Fred and Barney are caught up in a swirl of spies' intrigue, with exotic and menacing strangers and multiple threats on their lives, all while Wilma and Betty are waiting for them to return with the ...
Fred and Barney go on a weekend camping trip, claiming that women can't rough it as they do. In response, Samantha Stephens takes Wilma, Betty, and the children camping, using her magical twitch of ...
The Smurfs are little blue creatures that live in mushroom houses in a forest inhabited mainly by their own kind. The smurfs average daily routine is attempting to avoid Gargomel, an evil man who wants to kill our little blue friends.
The desert in the U.S. southwest is the natural habitat of the Road Runner, a high-octane, cartoon bird who runs so fast on the desert's roadways that he leaves a trail of flame or causes ... See full summary »
The Pink Panther is a heroic, moral cartoon cat with pink fur and the manners of an English aristocrat. He only becomes flustered or angry at obtuse or offensive humans who try to disrupt ... See full summary »
Sylvester Cat is a lisping, inept, and often loud-mouthed cartoon alley cat with a penchant for chasing elusive mice and a weakness for various types of fowl, especially an innocent-looking... See full summary »
The Hanna-Barbera-created Oscar-winning cat-and-mouse team of Tom & Jerry returned to TV in an hour-long stretch of new adventures. Here, T&J, after years of rivalry, have become the best ... See full summary »
A TV show featuring funny old and new shorts starred by Woody Woodpecker and his friends like Andy Panda, Chilly Willy, inspector Willighby and the Beary family in addition to live cut ... See full summary »
This popular animated television cartoon featured two Stone Age families, the Flintstones and their neighbors, the Rubbles. Much of the humor was based on its comic portrayals of modern conveniences, reinterpreted using Stone Age 'technology.' Most notably were their cars, complete with absence of floorboards to allow them to be 'foot-powered.'Written by
Tad Dibbern <DIBBERN_D@a1.mscf.upenn.edu>
Something old - Something new! But nothing borrowed and nothing blue! A brand new idea - an adult cartoon series! THE FLINTSTONES!...a couple just like the folks you know - except they live in the Stone Age!
Despite later versions and spin-offs, including both of the live action films, showing that he did, Barney Rubble was never once shown to have worked for the Slate & Co. quarry along side Fred in the original series. However, Barney did have leadership over Fred, just once, after Mr. Slate realized they were very closely blood related but unknown to each other for a long time, (like uncle & nephew) in The Flintstones: Fred's New Boss (1962). See more »
All throughout the series, the cars are run by foot. If this is the case, why do the gas stations exist? Often the only thing their feet do is get the car going. See more »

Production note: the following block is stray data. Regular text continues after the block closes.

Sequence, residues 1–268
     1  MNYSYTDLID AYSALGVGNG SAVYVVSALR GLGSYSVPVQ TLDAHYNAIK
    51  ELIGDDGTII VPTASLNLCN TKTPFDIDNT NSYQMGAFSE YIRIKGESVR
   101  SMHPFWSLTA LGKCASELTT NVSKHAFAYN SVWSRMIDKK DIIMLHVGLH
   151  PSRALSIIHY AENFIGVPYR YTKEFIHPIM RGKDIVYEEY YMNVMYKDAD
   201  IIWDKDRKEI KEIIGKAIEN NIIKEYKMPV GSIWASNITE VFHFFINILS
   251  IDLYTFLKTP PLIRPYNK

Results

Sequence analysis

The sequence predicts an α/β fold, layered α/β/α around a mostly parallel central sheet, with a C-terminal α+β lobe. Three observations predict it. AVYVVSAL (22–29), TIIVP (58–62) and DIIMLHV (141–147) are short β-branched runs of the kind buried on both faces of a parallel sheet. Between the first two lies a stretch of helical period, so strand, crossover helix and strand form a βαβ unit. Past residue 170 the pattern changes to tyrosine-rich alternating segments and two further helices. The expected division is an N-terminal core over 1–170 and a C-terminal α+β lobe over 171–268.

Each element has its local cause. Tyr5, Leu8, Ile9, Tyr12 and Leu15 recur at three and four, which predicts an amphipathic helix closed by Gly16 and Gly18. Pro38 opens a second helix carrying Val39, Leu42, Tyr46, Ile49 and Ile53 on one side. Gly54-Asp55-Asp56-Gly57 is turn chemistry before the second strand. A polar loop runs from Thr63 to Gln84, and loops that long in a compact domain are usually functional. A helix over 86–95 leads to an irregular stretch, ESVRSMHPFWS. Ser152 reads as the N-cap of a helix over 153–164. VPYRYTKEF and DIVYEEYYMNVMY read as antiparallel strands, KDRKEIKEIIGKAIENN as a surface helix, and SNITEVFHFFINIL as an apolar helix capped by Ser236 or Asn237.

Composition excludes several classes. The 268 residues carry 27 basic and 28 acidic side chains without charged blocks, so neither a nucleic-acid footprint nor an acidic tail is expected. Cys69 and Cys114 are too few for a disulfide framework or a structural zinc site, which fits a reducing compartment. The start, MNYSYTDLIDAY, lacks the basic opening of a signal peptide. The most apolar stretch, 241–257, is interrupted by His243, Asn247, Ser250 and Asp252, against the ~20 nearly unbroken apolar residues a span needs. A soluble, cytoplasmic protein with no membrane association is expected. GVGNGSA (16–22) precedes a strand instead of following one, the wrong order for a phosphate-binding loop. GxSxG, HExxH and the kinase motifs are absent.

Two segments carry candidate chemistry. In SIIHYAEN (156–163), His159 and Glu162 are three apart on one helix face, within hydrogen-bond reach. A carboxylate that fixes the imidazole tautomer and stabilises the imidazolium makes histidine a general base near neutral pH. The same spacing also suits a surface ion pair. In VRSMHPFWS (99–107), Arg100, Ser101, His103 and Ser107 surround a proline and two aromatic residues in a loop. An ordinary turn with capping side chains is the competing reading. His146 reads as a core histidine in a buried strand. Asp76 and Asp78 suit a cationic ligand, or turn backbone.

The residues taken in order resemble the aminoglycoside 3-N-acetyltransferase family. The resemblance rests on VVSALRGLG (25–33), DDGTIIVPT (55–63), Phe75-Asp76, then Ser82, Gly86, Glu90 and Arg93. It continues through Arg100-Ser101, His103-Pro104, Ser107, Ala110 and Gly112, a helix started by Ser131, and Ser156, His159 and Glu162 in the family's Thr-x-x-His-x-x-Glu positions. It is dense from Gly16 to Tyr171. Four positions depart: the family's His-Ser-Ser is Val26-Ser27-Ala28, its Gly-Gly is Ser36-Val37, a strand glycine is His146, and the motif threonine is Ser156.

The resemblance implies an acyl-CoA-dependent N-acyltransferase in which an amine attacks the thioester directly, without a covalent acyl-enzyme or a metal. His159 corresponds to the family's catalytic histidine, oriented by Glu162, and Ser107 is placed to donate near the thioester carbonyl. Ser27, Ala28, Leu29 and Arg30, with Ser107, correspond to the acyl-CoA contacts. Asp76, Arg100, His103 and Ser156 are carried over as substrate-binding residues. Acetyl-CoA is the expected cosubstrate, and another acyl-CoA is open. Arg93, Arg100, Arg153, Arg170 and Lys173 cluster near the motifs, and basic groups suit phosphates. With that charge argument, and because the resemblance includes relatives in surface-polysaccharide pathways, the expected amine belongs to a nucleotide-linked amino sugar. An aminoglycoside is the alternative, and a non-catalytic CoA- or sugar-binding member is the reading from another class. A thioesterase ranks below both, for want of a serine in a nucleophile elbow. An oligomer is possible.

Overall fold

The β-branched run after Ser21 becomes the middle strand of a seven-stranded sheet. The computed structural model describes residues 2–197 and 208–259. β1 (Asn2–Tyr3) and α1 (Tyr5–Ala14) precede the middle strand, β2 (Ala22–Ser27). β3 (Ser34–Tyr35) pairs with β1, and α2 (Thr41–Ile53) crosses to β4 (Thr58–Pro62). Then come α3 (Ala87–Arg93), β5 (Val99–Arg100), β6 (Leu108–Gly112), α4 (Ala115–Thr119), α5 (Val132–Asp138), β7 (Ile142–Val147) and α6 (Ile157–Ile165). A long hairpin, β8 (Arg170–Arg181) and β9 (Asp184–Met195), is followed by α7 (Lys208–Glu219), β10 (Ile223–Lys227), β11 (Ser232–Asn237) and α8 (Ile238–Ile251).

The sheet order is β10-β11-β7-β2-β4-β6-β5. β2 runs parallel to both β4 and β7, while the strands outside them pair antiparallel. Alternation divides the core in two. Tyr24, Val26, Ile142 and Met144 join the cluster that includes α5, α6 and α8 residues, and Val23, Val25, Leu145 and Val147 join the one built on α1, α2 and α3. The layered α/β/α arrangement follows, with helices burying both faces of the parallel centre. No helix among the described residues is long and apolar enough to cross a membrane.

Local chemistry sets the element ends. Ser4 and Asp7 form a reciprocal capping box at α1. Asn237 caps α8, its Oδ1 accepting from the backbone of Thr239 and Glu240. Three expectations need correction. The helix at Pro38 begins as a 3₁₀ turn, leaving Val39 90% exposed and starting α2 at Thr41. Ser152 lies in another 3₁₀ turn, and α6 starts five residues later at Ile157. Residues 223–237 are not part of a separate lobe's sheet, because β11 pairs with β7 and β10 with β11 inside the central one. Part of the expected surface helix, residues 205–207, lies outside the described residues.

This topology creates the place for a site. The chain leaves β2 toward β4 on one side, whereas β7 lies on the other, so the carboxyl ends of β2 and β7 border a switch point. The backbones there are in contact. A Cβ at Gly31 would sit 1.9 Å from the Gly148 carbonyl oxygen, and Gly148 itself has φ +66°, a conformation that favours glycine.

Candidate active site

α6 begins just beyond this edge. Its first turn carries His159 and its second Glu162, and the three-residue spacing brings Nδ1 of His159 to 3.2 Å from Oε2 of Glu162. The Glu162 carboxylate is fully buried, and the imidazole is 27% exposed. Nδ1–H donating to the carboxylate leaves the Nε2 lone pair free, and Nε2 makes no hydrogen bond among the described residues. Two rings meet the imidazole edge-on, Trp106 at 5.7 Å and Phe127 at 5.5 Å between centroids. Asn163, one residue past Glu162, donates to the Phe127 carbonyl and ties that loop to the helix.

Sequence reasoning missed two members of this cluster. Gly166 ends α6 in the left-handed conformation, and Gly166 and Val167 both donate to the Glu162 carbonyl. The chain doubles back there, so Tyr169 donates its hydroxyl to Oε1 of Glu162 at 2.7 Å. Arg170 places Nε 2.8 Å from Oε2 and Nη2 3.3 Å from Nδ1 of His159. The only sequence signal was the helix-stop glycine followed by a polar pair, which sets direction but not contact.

First season episodes incorporated an ad for Winston Cigarettes into the opening credits (this version of the opening was removed for syndication). Due to the decision to use a standard opening and closing for syndicated versions of the episodes, numerous episodes have incorrect closing credits. Sixth & last season episode debuted with, The Flintstones: No Biz Like Show Biz (1965) dropped the "Meet the Flintstones" closing credit song, in favor of footage of Pebbles and Bamm-Bamm singing "Let the Sunshine In." (a reminder of Fred Flintstone's dream, earlier in the musical program). See more »
The 2004 Region 1 DVD release of Season 1 restores the original opening and closing credits, but omits the Winston Cigarettes portion. The DVD set also includes alternate versions of the opening and closing credits featuring ads for One-a-Day Vitamins. These shorter opening credits omit the scenes showing Fred taking his dinner from Wilma and kissing her and Dino hopping out of the chair. The only difference in the closing credits is the presence of a One-a-Day billboard which is visible on Bedrock's skyline. See more »
None of the other Hanna-Barbera cartoons were this funny--or this smart
"The Flintstones" was so dead-on satirical in its view of a prehistoric suburban world that I don't really understand it when people tell me they liked "The Jetsons" better. There's nobody I can relate to on "The Jetsons", no character who exudes any warmth or wit. The characters here (Fred, Barney, Wilma, Betty, Dino, Pebbles, Bamm-Bamm, Mr. Slate, Mrs. Slaghoople, etc.) have expressions and personalities which are instantly recognizable to an audience. They're a very funny bunch, and they often find each other greatly amusing as well (each character has a sense of humor--and their friendships really do seem like a bond). I don't know why the Hanna-Barbera team weren't able to duplicate the quality of this show in terms of its writing and voice-casting (perhaps it was all a fluke?), but "The Flintstones" has it all: great writing and voices which bring one-dimensional drawings to life, terrific plots, fantastic music by Hoyt Curtin. Not a kiddie show...not a sitcom...not a child-pacifier. "The Flintstones" is a minor miracle.
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